FICCI held its first school conference at New Delhi on March 10. I was helping facilitate a session on Teacher Education, which has perhaps become one of the really important challenges of our education system. The NCF 2005, NCFTE 2009, the Justice Verma Committee, the Centrally Sponsored Scheme, the new Teacher Mission and the RTE Act provide the backdrop against which the discussions are happening.

As per Dr. Amarjit Singh, AS, MHRD, lots of great things are happening:

  • Focus has been on quality of teacher education, program and curricular revisions. a new model curriculum and various short and long program formats have been designed
  • The CBSE has set up a Centre for Assessments, Evaluations and Research
  • The NCERT is building learning indicators – a set of “common core” learning outcomes
  • NUEPA is building school standards
  • The Open University, UK partnership is underway with 3000 teachers being trained across 150 teacher development units
  • North east state open universities are starting MOOCs
  • The CIET has built a semantic content store called the NROER
  • The Delhi SCERT has actively introduced the flipped classroom and shared curriculum practices
  • Various examples of digital content and community based programs across K12 and Teacher Ed

Prof. MM Pant gripped the crowd’s attention by invoking John Daniels’ solution of training 10 million teachers by flipping pre- and in-service education. Dr. Anjlee  Prakash talked about the role of the teacher and her professional development in the context of a connected, networked and technologically advanced world (FICCI School Conference_LLF_2014 for FICCI), and the role of MOOCs & blends thereof in Teacher PD.

A few other takeaways from me:

  • We need better technology to aggregate, remix, repurpose and feed forward content and conversation to ever-growing networks
  • We need design and development of systems that engender network formation and scale
  • We need interoperability with the myriad tools and systems being developed
  • We need better technology and processes to capture and analyze interactions of teachers and students with the OER created by different initiatives; need learning analytics systems in place quickly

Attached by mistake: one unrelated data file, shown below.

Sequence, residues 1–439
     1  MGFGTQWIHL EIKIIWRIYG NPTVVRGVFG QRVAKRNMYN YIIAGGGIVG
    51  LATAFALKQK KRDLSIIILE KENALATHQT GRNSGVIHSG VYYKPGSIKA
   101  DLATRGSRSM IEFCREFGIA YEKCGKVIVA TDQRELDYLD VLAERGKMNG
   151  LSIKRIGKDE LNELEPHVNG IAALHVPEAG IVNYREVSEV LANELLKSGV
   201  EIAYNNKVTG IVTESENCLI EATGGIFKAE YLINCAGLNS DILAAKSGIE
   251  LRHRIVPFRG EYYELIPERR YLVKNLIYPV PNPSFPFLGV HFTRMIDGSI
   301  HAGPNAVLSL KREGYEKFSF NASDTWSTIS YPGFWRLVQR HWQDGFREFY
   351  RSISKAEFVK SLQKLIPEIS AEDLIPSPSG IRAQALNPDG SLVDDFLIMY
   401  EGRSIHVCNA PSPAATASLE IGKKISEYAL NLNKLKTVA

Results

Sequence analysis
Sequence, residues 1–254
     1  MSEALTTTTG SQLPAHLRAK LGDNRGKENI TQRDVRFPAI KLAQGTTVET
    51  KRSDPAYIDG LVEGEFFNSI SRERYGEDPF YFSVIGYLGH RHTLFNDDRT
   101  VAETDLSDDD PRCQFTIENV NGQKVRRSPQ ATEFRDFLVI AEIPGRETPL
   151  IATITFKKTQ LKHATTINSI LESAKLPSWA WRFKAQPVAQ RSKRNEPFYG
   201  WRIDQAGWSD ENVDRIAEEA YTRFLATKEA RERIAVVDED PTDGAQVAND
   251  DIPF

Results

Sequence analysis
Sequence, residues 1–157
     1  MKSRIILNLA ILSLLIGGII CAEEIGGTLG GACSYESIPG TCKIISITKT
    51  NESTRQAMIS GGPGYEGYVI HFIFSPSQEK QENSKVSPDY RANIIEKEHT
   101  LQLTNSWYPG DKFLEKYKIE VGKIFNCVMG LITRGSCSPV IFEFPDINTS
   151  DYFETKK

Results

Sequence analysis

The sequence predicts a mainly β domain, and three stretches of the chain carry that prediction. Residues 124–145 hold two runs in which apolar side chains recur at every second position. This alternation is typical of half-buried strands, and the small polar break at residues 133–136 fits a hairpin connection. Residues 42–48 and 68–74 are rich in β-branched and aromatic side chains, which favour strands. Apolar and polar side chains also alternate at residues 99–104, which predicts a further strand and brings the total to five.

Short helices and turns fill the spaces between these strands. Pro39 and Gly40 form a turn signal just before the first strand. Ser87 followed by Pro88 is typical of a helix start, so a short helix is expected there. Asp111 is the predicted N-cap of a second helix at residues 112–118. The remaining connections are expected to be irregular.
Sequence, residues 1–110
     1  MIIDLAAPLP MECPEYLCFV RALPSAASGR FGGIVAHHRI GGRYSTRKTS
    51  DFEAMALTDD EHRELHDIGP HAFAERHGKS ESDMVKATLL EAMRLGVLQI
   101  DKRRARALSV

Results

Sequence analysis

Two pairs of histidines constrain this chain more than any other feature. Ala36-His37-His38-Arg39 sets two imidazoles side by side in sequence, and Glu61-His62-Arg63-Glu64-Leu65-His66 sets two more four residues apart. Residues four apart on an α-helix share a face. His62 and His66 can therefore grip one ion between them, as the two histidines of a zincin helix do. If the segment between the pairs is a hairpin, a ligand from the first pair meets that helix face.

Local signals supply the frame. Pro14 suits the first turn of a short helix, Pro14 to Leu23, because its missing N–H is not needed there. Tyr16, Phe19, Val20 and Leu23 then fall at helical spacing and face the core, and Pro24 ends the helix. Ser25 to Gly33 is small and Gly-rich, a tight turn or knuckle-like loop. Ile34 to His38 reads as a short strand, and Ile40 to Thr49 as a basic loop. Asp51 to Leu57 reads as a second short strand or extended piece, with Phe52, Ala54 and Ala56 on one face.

• We also need to raise heutagogical capabilities in a concerted manner, perhaps with a set of coaches or mentors that we actively support

It was a packed conference session with many other speakers including Prabhaav, TESS India and Microsoft. And we obviously ran short of time (my apologies to the speakers, especially Anjlee and Lokesh!).

And yes, I am building up a repository on teacher education. Please do send me your links!

Before I begin (and I am going to miss the hangout again as it will be at 3 AM India time), I think Dave rocked again in #rhizo14. Way to go Dave!

Dave is our Elvis

Dave is our Elvis

I am conflicted when I think about curriculum. I have experienced it prescriptively in the formal education system and I realize that it is bounded by its philosophical basis as well as the competence of stakeholders to transact it (the two sometimes straining in opposite directions).

In the rhizomatic sense, I am guessing curriculum is evidenced by the community members through their open reflection and practice.There is no core.

In the Community of Practice sense, the community itself evolves through various stages -  Potential, Coalescing, Active, Dispersed and Memorable as in the chart below.

In another take on this, George Siemens in Connectives and Collectives: Learning Alone, together suggests that as ties become stronger and individuals aggregate into groups and collectives, the discourse becomes normed (in fact there is a veritable coercion to the norm) that leads to a drying up of new ideas that are novel and diverse.

In the diagram above, he also ties it up with autonomy to the learner, which he believes to decrease as these ties increase in strength and degree.

I think the strength of Rhizomatic and Connective Learning is the “personal formation” of curriculum and the heutagogical “capability” to contextually adapt the curriculum evidenced by the community to transcend personal learning plateaus.

In that sense learning becomes a process of, among other things, shared discovery of curriculum itself, a way-finding and sense-making exercise.

It also makes sense to think of curricula instead of curriculum – different ways to transcend the same plateau. The community then evidences things such as values, beliefs, patterns of use and engagement that equally constitute any curriculum (one must consider failure in a Rhizomatic community as well. What mechanisms exist when a curriculum itself fails to empower.)